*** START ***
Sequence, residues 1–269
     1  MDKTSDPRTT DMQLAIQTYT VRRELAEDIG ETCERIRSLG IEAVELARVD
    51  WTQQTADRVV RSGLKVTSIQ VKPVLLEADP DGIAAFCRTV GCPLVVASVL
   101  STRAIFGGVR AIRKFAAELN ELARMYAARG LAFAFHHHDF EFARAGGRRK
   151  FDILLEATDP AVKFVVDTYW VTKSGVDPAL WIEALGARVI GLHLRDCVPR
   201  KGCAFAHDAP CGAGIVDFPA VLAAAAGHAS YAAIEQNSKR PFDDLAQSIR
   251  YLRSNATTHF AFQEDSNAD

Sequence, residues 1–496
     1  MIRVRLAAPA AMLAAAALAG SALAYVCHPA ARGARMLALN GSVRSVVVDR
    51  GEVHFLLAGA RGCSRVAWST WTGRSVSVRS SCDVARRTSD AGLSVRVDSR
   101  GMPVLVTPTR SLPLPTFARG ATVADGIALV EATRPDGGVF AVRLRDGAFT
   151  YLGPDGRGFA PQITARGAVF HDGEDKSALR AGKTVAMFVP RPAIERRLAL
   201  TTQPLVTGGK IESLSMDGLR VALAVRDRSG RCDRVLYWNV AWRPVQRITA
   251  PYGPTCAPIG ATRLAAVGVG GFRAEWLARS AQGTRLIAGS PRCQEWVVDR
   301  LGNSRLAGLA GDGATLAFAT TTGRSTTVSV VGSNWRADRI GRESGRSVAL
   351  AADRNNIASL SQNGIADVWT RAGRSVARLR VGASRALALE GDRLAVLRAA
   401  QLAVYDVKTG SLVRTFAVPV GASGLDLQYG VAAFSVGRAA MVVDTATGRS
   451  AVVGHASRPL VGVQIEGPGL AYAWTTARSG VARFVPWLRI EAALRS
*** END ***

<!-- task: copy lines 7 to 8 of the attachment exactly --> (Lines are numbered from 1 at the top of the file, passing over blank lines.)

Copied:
   251  YLRSNATTHF AFQEDSNAD

Sequence, residues 1–496